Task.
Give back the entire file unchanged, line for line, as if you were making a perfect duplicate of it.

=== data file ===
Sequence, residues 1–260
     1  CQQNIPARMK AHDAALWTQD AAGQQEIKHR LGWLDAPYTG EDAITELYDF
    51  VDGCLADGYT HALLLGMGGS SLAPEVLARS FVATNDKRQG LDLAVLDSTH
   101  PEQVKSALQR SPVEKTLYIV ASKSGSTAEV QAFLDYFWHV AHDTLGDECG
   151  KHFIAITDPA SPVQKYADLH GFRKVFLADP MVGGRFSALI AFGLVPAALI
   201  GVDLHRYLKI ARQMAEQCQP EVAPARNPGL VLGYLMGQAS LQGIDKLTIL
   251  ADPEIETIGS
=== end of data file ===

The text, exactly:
Sequence, residues 1–260
     1  CQQNIPARMK AHDAALWTQD AAGQQEIKHR LGWLDAPYTG EDAITELYDF
    51  VDGCLADGYT HALLLGMGGS SLAPEVLARS FVATNDKRQG LDLAVLDSTH
   101  PEQVKSALQR SPVEKTLYIV ASKSGSTAEV QAFLDYFWHV AHDTLGDECG
   151  KHFIAITDPA SPVQKYADLH GFRKVFLADP MVGGRFSALI AFGLVPAALI
   201  GVDLHRYLKI ARQMAEQCQP EVAPARNPGL VLGYLMGQAS LQGIDKLTIL
   251  ADPEIETIGS